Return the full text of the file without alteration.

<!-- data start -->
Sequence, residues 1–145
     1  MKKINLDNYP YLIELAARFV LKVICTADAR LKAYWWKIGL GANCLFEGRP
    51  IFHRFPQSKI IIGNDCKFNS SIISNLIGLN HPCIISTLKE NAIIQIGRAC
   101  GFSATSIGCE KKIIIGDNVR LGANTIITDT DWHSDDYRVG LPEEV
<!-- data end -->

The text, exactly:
Sequence, residues 1–145
     1  MKKINLDNYP YLIELAARFV LKVICTADAR LKAYWWKIGL GANCLFEGRP
    51  IFHRFPQSKI IIGNDCKFNS SIISNLIGLN HPCIISTLKE NAIIQIGRAC
   101  GFSATSIGCE KKIIIGDNVR LGANTIITDT DWHSDDYRVG LPEEV